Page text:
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Poetry Friday: Spooktober Concludes

It's been great fun this month writing Inktober-inspired haiku, senryu and tanka poems. You can see my prompt list and the first week of poems here , the second week of poems here , and the third week here . I hope you've enjoyed these mostly spooky, sometimes nature-inspired, occasionally random ( baseball playoffs! ) poems.  So now, without further ado, here is the Spooktacular conclusion to my Spooktober project! Our host for Poetry Friday this week is Linda at Teacher Dance . Hop on over to her blog for links to this week's round of poetic goodness.
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Poetry Friday: Spooktober Continues!

I'm continuing to have fun with my Spooktober project - writing poems for kids based on a series of Inktober illustrator prompts. You can see the prompt list and the first week of poems here , and the second batch of poems here .  The prompts were aimed at adult illustrators instead of kids, so it's been both challenging and fun to play with them and try to find ways to make words like poison work for a young audience. It's also been fun to play with the various meanings a word can have, and try to subvert preconceived ideas a reader might bring to a poem based on that prompt. So here are this week's poems - I hope you're having as much spooky fun reading them as I'm having writing them!               This week our host for Poetry Friday is Jama over at Jama's Alphabet Soup .  Hop on over to the Poetry Friday post for links to a virtual buffet of poetic goodness!

Poetry Friday: More Spooktober Poems

I'm writing a poem for every day of October, playing with poems inspired by a list of Inktober prompts written in senryu, haiku, and tanka poetic forms. You can read the first week's worth of my Spooktober poems, and see my prompt list, in this post .  I've had a lot of fun with the prompts this week!  I've got some publishing news to share today! I'm thrilled to have two poems included in the 10.10 Poetry Anthology: Celebrating 10 in 10 Different Ways , which includes poems from many Poetry Friday participants.  You can get a peek inside the anthology and order your own copy here .  The editor of the anthology, Bridget Magee , is our host for Poetry Friday this week. Hop on over to her blog to congratulate her on 10 years of blogging and the publication of this wonderful anthology, and to get links to the rest of today's Poetry Friday poems!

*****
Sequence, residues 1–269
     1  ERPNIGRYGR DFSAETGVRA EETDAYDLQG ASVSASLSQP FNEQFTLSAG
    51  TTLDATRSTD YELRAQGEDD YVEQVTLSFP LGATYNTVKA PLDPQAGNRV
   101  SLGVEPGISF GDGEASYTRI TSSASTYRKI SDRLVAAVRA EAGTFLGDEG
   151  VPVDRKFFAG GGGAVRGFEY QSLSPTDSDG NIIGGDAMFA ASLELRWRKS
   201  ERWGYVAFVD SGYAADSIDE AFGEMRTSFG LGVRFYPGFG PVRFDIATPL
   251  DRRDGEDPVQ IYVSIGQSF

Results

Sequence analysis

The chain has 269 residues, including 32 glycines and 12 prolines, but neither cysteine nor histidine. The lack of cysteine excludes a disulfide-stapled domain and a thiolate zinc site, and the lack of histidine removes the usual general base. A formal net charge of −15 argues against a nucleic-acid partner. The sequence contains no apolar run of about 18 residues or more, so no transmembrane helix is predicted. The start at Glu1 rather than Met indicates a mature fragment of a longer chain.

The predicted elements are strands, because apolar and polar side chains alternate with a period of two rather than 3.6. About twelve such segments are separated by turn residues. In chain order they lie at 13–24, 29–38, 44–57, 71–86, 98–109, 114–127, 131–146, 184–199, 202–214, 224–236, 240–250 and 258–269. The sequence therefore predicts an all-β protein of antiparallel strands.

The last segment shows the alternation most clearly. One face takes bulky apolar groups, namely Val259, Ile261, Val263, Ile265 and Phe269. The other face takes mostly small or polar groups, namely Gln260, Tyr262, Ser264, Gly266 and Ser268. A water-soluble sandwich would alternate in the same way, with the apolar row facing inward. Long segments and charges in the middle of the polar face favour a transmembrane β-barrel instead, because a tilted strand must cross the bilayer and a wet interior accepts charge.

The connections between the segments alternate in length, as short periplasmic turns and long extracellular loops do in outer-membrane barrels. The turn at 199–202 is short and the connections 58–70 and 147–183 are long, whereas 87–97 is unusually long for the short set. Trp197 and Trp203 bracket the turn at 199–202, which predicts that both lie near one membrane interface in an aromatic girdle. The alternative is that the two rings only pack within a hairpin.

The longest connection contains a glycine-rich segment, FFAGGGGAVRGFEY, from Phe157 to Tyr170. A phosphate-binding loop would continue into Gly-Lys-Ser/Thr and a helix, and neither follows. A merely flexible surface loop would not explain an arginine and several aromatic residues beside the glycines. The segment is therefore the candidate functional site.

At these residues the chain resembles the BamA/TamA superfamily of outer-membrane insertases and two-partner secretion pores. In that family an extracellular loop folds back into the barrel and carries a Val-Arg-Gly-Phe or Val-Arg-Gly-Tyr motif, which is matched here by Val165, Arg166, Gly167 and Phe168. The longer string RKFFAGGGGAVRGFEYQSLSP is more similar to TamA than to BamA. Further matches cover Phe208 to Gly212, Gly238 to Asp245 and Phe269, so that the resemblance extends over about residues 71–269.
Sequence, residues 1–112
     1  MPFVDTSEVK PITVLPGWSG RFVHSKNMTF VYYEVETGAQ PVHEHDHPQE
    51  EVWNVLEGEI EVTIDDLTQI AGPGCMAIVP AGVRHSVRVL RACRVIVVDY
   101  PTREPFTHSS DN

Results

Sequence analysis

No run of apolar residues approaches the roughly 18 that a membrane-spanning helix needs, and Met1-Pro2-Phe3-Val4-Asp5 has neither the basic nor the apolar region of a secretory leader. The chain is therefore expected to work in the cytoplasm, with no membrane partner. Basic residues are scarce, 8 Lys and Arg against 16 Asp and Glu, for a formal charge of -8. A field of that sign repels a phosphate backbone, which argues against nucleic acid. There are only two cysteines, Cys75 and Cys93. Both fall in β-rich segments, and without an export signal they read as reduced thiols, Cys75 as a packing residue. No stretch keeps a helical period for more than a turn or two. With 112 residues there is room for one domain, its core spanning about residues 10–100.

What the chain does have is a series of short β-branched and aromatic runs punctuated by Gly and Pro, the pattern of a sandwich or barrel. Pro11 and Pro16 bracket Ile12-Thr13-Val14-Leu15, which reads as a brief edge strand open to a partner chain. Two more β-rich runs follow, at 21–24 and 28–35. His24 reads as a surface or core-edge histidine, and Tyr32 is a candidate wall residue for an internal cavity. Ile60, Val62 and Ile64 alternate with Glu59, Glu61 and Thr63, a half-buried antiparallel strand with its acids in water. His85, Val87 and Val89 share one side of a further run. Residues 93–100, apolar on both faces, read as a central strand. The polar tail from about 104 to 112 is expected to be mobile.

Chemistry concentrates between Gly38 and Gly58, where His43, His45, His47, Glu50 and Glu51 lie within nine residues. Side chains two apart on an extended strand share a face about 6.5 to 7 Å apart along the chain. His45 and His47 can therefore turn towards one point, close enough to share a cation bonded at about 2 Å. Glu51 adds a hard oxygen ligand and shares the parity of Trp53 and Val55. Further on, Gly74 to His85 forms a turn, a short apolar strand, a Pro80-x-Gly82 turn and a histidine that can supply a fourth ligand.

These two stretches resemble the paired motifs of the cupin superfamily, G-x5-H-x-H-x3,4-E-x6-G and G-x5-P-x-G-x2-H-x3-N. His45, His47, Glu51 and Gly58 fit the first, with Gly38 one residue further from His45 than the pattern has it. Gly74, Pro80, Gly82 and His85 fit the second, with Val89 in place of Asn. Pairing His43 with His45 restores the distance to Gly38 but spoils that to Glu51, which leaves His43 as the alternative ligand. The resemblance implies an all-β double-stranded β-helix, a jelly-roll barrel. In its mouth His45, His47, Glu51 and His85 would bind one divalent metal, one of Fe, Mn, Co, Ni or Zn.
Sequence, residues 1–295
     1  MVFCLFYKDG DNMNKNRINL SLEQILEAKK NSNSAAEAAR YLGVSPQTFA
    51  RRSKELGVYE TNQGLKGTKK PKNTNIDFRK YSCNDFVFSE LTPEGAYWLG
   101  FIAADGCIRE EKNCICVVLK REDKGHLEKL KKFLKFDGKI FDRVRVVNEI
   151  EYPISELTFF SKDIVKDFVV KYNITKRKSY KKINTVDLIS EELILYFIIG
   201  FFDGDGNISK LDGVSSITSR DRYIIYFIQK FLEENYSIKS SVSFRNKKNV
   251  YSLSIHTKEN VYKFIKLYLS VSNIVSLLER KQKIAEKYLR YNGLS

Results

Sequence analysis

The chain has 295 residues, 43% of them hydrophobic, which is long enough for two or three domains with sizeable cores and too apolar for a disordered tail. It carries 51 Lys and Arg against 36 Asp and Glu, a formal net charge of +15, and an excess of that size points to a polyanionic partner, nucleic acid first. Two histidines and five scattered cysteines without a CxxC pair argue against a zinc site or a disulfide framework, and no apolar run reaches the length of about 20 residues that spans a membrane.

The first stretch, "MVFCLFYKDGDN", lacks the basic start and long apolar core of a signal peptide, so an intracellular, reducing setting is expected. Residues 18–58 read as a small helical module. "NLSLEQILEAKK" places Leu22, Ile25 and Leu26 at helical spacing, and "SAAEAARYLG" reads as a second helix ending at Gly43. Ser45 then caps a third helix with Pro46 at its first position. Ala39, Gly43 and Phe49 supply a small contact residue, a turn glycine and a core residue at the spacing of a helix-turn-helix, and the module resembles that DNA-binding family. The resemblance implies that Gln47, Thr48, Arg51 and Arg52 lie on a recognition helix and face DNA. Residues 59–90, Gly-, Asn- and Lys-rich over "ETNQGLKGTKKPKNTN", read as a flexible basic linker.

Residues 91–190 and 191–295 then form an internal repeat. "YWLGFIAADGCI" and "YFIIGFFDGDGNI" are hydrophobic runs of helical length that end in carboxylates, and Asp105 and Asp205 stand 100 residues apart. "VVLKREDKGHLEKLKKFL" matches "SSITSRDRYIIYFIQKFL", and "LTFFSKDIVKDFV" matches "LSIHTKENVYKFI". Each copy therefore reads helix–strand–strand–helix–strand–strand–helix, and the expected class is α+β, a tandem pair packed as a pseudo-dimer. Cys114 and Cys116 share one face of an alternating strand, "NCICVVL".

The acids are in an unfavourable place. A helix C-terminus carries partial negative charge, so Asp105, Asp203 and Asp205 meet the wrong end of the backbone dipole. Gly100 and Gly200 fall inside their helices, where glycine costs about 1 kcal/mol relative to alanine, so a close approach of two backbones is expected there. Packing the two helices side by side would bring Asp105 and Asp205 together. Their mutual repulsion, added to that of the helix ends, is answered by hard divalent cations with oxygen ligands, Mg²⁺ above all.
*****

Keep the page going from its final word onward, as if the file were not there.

Poetry Friday: Spooktober

I've been immersed in poetry and verse in the past couple of weeks - first in a Novel in Verse virtual workshop led by the amazing Nikki Grimes and Padma Venkatraman, then in my own work as I dived in deep to apply all the insights and tips that I took away from that experience.  Poems arrived in my inbox this week, via the Academy of American Poets newsletter featuring a selection of poems for Indigenous Peoples' Day.  I particularly loved the poem by Rainy Dawn Ortiz that starts: Something Else. Some one else Some where else That place is here, In my home, We are here. You can read the rest of the poem and learn more about the poet here .  One of the things I love about being a part of Poetry Friday is the inspiration to play with different poetic forms. Thoughts about poetic forms were milling around in my mind when they bumped into Inktober, an annual event in which illustrators create a drawing each day during the month of October. Sparks flew and an idea was born. I searc